This farm bill cycle has seen some remarkable displays of unity. Last fall, both Houses and parties voluntarily agreed to a farm bill structure, and in February over 60 groups spanning commodities, conservation, food security and beyond signed a letter calling for a farm bill to be passed this year. Yet amidst this unity, many of these same groups have talked past each other on the issue of reattaching conservation compliance to the federal premium subsidy for crop insurance. As a result, we risk missing an opportunity to strengthen this farm bill.
We need to have an earnest conversation about this critical issue. This is our chance to show that we are willing to take reasonable steps that work to protect the land. Those calling for change must drop proposals for expanding compliance requirements and make it perfectly clear that this proposal is in no way an attack on the crop insurance system nor its effective functioning. By the same token, producer groups must debate the issue on its merits and not roll it into larger concerns about federal overreach. Conservation compliance is not the next “farm dust” rule.
Indeed, conservation compliance was attached to the crop insurance premium support until direct payments were implemented in 1996. Now, it appears that direct payments will be eliminated and that crop insurance will become the primary risk management tool for farmers. It only makes sense that conservation compliance would be attached to the primary safety net program, as it has always been.
It is time to bring some perspective back to the debate. Compliance would only apply to crop insurance premium subsidies, not to a producer’s eligibility to insure his crops. Producers initially out of compliance would have ample opportunity to come back into compliance, just as they do now. Moreover, the compliance requirement would apply only to the crops covered currently by conservation compliance. Additional impact would be limited to, at most, five percent of wheat production, two percent of corn and soybean production, and less than one percent of cotton and rice production.
This proposal would not put all sorts of new burdens and impossible standards on farmers. For instance, there’s been the suggestion that a heavy rainstorm would cause non-compliance. This is just not the case. The compliance mechanism already has a clear exemption for extreme weather. There also would not be new administrative headaches as some fear. Farmers would still be able to purchase their crop insurance, get their bank loans, farm their land and receive crop insurance indemnities, just as they do now.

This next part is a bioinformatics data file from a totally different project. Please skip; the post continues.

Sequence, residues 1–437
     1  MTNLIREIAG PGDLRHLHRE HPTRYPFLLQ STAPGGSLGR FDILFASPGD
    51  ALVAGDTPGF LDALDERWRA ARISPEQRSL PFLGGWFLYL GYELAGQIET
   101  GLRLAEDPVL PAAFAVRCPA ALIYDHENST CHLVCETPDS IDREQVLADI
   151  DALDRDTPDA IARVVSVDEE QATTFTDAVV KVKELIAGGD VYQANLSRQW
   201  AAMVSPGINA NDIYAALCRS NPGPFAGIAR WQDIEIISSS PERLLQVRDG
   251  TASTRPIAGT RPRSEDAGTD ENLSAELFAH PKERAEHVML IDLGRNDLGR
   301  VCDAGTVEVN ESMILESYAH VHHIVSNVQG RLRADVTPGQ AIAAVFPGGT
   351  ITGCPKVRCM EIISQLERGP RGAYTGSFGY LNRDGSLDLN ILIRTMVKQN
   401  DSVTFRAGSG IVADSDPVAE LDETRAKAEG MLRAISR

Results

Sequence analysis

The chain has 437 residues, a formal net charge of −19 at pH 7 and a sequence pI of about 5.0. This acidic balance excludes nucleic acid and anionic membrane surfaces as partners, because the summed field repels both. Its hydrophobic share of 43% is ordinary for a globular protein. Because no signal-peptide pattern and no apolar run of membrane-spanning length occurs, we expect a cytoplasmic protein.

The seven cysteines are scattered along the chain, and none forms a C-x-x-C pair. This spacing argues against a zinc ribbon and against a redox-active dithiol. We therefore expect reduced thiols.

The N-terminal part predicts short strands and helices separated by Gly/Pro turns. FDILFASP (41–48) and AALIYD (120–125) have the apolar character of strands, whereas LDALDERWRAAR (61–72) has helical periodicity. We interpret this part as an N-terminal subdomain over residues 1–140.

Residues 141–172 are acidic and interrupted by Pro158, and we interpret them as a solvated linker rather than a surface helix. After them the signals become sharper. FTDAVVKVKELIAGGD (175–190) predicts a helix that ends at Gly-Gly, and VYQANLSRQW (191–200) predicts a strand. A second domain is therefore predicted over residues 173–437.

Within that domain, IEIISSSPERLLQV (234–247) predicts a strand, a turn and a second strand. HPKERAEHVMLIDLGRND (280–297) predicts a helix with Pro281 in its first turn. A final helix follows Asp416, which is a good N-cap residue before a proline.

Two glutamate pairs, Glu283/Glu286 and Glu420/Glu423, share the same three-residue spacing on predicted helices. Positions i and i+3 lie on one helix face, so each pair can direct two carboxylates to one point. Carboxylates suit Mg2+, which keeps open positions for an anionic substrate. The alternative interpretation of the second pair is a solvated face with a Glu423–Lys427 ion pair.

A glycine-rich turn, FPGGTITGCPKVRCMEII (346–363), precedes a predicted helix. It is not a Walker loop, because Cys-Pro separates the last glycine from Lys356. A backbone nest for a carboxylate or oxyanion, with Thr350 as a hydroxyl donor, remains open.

Since 1985, compliance has been a successful part of farm policy. Moreover, compliance represents a covenant between farmers and society. It is reasonable for society to require a basic level of stewardship on our most fragile lands in exchange for programs that help provide some measure of economic stability on the farm. Reattaching compliance would actually set crop insurance on a stronger footing to be the safety net for the next generation.
The bottom line is that conservation compliance has worked. The USDA’s Economic Research Service reports that in the past 25 years, conservation compliance has reduced annual erosion on our most vulnerable soils by 40 percent. That comes out to 295 million tons of soil saved annually. In addition, over that same time period, we’ve gone from losing tens of thousands of acres of wetlands on farms every year to actually gaining wetlands. Continuing on this track is critical for the long-term productivity and competitiveness of American agriculture.
I believe this is a very reasonable approach and I hope my friends in the agricultural community will respond in print with their reasonable concerns. A two-way dialogue is the best way to develop a common-sense system for attaching conservation compliance to the crop insurance premium subsidy. This would complement the many other important advances for conservation that we anticipate will be included in the next farm bill. But it can only be achieved if we have an earnest and constructive debate that considers the best interests of agriculture over the long term.